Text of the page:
EUIST

EUIST

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Regulation that matters – e-discovery and BP litigation regarding safety failures in the U.S. – BP goes greener or just meaner?

March 20th, 2007 · No Comments ·

In the past we have pointed out that security breaches can be extremely costly for
shareholders:

ChoicePoint – privacy and security breaches – stock is dropping like a rock (Login as a Guest – click on this link again and voila)

Recently, we have also addressed how e-discovery regulation ever more force firms to able to produce written e-mails quickly or else pay huge fines:

Baker McKenzie – be careful what you write in e-mails

Now shareholders have had enough and BP’s senior executives suffered a 50% cut in their peformanc bonus. This includes Tony Hayward, head of exploration and production, who will succeed Lord Browne summer 2007.

One reason is surely the recent string of safety failures in the U.S. The stock price has suffered accordingly as the graph below shows, BP is doing worse than the FTSE World Oil & Gas Procuers index, bad news for investors.

http://www.cytrap.eu/files/EU-IST/2007/image/2007-03-07-BP-SharePrice-since%201995.gif

If you cannot see the graph, get it from here: 2007-03-07-BP-SharePrice-since 1995.gif

In February, a panel led by James Baker, the former U.S. secretary of state, concluded that BP’s management up to board level was to blame for the March 2005 Texas City refinery explosion that killed 15 people and injured more than 100 people.

But shareholders are fed up. This report explains how BP’s leadership was compensated, and the principles and practices that underpin their compensation

BP Directors’ Remuneration Report 2006 (extract from the BP Annual Report and Accounts 2006) 2007-03-BP-2006DirectorsRemunerationReport.pdf

While it clarifies some things, it still leaves many questions open. And now, the firm is being faced with e-discovery, whereby the e-mail trail is taking center state in the BP litigation.

Apparently, Susan Moore, BP regulatory affairs manager, has admitted in a sworn deposition to deleting documents after plaintiffs’ lawyers subpoenaed her laptop on an anonymous tip that she had information useful in the lawsuits from thos injured and killed in the refinery explosion.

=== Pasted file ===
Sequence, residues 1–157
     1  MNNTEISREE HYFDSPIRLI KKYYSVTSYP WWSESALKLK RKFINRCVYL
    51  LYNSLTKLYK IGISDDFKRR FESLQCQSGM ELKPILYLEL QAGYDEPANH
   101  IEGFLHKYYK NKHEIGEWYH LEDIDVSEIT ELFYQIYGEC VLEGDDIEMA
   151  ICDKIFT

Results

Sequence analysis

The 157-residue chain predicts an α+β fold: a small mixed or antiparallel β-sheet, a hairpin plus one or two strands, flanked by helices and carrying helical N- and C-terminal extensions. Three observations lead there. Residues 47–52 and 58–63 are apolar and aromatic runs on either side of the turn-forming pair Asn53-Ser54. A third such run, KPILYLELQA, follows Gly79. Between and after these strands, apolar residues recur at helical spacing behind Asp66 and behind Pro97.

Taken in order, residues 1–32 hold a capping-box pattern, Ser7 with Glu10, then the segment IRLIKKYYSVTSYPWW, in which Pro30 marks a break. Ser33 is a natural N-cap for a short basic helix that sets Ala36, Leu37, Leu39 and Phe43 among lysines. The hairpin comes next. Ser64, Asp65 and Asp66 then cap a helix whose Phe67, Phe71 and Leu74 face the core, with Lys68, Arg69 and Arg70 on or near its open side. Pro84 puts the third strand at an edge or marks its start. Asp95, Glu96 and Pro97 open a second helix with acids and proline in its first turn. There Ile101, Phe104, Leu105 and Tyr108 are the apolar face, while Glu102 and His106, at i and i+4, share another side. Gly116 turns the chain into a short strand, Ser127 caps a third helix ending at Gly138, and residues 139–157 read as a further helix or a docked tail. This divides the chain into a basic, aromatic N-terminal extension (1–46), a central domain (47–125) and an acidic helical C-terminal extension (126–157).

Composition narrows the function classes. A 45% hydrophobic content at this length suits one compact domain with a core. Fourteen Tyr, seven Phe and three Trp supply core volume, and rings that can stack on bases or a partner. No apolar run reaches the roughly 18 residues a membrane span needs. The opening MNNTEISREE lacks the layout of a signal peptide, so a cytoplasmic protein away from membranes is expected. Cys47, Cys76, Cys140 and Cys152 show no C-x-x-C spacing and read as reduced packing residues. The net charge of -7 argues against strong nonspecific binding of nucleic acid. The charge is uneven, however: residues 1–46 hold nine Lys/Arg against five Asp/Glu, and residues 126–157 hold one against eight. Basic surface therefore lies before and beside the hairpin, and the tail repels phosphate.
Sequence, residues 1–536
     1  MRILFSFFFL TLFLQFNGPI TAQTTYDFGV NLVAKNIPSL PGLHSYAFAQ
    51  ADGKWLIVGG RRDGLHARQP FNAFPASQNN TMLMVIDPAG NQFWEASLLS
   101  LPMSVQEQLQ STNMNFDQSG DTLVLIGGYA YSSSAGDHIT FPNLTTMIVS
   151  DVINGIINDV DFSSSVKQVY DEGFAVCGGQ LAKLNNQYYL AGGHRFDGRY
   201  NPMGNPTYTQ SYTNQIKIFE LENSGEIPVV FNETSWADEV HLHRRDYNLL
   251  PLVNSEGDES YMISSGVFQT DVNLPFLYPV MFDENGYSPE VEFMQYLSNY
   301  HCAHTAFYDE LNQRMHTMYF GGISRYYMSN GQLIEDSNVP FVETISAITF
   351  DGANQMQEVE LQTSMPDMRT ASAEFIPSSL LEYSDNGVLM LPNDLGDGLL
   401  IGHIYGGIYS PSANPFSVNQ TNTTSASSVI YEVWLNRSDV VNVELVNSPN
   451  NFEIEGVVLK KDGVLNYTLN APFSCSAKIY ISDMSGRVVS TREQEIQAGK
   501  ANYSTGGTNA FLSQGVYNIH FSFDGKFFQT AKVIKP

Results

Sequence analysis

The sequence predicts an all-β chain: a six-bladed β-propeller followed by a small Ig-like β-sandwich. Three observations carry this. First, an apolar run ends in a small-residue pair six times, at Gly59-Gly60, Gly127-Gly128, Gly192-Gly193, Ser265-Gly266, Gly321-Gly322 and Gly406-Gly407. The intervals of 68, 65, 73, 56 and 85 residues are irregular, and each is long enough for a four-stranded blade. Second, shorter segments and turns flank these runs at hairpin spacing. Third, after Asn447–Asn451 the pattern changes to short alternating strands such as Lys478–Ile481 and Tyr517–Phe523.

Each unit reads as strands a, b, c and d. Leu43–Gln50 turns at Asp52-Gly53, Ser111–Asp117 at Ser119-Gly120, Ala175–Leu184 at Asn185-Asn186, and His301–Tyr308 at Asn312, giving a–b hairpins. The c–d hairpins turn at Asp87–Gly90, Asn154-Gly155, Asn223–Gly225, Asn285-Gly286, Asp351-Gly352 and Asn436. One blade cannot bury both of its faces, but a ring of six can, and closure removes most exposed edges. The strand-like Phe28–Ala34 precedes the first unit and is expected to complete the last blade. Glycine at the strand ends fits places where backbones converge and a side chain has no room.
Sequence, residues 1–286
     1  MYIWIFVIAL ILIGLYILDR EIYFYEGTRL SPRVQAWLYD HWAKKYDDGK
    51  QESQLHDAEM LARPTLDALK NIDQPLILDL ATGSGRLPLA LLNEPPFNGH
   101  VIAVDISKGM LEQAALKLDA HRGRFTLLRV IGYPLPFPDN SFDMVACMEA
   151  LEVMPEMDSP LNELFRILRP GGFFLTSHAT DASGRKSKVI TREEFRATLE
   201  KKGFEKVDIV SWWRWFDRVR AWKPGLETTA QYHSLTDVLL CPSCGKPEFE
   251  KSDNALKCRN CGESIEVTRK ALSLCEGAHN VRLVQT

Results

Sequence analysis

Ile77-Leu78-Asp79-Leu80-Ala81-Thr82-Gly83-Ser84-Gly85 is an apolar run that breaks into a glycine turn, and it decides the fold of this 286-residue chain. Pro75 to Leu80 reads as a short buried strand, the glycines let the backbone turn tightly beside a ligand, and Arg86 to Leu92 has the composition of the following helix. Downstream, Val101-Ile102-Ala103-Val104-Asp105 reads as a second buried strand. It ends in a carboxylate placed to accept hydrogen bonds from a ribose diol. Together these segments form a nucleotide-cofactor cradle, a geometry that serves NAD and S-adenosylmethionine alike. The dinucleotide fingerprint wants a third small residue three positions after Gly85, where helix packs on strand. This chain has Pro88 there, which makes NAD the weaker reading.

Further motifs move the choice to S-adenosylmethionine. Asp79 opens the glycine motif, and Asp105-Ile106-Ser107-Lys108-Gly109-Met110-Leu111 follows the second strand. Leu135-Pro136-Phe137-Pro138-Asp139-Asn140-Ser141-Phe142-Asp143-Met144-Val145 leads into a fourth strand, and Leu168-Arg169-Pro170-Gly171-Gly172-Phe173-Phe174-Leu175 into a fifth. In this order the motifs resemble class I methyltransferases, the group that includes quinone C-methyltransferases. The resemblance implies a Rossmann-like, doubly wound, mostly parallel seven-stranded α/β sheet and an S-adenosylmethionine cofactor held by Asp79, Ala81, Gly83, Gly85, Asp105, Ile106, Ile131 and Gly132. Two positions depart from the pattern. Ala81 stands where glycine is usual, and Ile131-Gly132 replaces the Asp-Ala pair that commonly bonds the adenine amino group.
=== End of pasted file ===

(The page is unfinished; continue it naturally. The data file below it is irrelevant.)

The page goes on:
Moreover, some of the e-mails that got shipped around question the merit of attending courses about corporate ethics in graudate programs. Hence, one might attend a course about corporate ethics during one’s MBA studies but, unfortunately, in practice it appears that little if anything trickles through to daily work practices….. Get some bits here:

BP – e-mail trial takes center stage in litigation

It also indicates that a firm’s archiving procedures must be up to best practice.

_Conclusion_

Worst is that we are talking about BP, a firm that on 2000-07-24 unveiled a new “green” brand image, in an attempt to win over environmentally aware consumers. And BP’s John Brown (our Lord) stated the rebranding could boost profits. It may have but at what a price?

Not only does this story indicate that shareholder value is being affected by such terrible mistakes, worst is that the internal controls used by the board and top management did not provide the information required to manage these issues (or risks?) in a way one would expect from such a firm. If the board is unable to have an internal control system in place that helps manage risks effectively, it will risk a repeated performance. In fact, since James Baker’s led panel concluded that top management and the board was to blame for the March 2005 Texas City refinery explosion, the board may and up in front of judge…..

If this is good corporate governance…. you be the judge but it is surely not according to the The Combined Code on Corporate Governance, is it? The latter requires:

    C.2.1 The board should, at least annually, conduct a review of the effectiveness of the group’s system of internal controls and should report to shareholders that they have done so. The review should cover all material controls, including financial, operational and compliance controls and risk management systems. (p. 15)



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